The New York Times has set its sights on Mount Rushmore as protesters demand the removal of historic monuments in the name of racial justice, citing its location on “Indigenous land,” the sculptor’s purported ties to white supremacy, and two of its subjects’ slave ownership.
“Mount Rushmore was built on land that belonged to the Lakota tribe and sculpted by a man who had strong bonds with the Ku Klux Klan. It features the faces of 2 U.S. presidents who were slaveholders,” the New York Times wrote, linking to a news article detailing complaints against American landmark:
Mount Rushmore was built on land that belonged to the Lakota tribe and sculpted by a man who had strong bonds with the Ku Klux Klan. It features the faces of 2 U.S. presidents who were slaveholders.https://t.co/pHmJScnYbb
— The New York Times (@nytimes) July 1, 2020
The Times piece lists three broad grievances with Mount Rushmore, beginning with the sculptor, Gutzon Borglum, who was previously involved in “an enormous bas-relief at Stone Mountain in Georgia that memorialized Confederate leaders.”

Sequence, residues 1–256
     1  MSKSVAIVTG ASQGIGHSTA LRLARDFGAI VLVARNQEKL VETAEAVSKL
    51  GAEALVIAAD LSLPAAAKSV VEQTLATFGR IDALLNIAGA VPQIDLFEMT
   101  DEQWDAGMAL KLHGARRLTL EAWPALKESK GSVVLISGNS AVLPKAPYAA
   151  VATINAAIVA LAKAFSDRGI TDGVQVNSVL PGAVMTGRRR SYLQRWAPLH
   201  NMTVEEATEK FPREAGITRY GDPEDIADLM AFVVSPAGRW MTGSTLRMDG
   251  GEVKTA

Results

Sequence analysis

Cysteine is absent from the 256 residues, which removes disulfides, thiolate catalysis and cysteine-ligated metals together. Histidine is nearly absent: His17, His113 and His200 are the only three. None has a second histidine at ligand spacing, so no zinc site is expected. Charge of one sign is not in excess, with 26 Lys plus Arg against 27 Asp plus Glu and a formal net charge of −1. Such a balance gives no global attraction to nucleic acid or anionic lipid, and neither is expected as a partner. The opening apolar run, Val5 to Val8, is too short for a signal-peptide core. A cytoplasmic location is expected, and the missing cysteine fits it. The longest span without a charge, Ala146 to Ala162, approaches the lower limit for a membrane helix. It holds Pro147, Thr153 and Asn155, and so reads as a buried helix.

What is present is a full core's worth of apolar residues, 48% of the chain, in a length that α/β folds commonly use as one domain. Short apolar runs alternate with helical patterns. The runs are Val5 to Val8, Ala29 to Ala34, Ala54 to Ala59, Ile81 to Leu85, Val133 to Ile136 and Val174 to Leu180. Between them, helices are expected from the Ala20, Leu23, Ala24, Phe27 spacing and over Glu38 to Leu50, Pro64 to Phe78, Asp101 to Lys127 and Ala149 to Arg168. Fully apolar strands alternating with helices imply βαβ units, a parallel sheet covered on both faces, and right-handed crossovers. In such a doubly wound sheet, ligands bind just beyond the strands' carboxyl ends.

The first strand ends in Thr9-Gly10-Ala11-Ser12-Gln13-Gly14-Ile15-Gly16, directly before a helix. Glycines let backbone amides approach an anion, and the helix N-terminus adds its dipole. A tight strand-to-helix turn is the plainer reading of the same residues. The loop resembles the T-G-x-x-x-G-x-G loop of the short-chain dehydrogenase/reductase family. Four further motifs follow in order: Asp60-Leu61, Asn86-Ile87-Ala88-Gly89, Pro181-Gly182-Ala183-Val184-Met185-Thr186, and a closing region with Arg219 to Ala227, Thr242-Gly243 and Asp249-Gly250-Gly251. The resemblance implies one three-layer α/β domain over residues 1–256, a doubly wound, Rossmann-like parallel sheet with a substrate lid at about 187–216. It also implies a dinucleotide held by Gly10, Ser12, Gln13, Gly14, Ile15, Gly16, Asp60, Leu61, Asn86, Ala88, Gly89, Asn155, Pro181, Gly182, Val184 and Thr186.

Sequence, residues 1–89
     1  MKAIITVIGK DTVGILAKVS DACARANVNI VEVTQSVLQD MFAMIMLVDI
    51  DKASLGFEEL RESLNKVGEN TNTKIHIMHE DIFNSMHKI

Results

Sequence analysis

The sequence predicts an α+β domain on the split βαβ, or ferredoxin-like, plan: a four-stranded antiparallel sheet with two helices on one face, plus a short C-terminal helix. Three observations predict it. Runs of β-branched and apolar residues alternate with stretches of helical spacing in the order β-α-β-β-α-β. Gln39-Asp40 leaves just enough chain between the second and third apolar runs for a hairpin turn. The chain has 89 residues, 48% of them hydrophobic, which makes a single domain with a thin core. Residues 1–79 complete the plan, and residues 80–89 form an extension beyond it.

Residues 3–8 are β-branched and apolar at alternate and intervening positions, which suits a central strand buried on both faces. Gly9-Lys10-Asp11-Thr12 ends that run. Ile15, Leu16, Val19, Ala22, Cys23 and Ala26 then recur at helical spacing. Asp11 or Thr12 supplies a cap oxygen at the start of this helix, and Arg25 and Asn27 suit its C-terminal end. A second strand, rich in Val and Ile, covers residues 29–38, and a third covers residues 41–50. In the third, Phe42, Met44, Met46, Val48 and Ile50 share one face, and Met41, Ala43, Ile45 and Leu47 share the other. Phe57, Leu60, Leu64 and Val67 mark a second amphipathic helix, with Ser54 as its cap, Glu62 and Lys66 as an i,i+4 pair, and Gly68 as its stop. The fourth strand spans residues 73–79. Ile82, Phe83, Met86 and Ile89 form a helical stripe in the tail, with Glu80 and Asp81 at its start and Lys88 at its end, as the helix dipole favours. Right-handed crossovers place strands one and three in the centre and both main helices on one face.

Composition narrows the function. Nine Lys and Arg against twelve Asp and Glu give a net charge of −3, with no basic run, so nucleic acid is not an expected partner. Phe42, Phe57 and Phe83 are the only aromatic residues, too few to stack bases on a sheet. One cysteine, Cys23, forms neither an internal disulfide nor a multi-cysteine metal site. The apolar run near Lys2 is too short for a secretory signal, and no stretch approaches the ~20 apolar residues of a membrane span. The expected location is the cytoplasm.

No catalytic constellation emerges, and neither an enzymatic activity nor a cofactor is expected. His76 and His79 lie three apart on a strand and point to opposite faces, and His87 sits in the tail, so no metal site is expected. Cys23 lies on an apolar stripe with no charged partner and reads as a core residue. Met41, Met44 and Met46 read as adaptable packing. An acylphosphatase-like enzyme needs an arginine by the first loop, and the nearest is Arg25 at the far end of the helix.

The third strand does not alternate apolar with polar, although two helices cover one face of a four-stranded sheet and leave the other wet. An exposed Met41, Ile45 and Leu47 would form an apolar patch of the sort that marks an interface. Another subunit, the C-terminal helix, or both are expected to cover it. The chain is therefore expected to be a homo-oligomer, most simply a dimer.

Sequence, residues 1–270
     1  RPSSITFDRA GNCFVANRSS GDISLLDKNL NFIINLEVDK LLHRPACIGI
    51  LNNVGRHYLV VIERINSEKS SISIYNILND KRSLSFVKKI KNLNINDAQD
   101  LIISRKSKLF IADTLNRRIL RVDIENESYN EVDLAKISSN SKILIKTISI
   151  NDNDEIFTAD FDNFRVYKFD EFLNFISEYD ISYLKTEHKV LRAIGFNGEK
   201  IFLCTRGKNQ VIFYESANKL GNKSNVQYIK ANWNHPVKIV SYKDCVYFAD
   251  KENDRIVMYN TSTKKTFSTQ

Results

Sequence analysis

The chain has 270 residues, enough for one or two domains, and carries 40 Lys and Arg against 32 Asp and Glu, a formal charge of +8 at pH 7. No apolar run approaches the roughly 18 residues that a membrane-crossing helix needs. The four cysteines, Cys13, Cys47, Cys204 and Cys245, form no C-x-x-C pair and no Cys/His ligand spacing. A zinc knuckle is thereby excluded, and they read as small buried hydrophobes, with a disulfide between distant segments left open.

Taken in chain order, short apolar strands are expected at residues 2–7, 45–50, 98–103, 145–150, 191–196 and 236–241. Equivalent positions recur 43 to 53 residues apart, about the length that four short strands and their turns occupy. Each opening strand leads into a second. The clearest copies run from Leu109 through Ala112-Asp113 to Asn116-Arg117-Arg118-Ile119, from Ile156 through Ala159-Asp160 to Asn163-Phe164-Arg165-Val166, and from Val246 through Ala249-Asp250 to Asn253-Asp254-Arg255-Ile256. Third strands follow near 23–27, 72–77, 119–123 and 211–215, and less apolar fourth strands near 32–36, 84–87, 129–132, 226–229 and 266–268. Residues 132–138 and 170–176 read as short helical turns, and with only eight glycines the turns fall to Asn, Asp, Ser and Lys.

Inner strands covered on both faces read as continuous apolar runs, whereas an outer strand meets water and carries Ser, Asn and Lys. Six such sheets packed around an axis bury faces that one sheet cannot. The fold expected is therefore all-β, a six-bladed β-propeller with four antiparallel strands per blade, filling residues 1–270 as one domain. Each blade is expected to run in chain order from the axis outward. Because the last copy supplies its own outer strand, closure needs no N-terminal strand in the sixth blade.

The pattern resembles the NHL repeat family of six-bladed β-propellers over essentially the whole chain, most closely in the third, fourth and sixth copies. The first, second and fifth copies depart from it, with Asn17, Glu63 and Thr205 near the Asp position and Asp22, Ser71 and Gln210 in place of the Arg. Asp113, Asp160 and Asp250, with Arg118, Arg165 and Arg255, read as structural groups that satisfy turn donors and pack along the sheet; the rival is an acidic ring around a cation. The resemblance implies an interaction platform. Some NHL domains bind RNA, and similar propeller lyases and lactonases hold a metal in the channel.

“It was eventually completed without him, but Mr. Borglum formed strong bonds with leaders of the Ku Klux Klan and participated in their meetings, in part to secure funding for the Stone Mountain project,” the Times wrote, adding that Borglum “also espoused white supremacist and anti-Semitic ideas, according to excerpts from his letters included in ‘Great White Fathers,’ a book by the writer John Taliaferro about the history of Mount Rushmore.” – READ MORE
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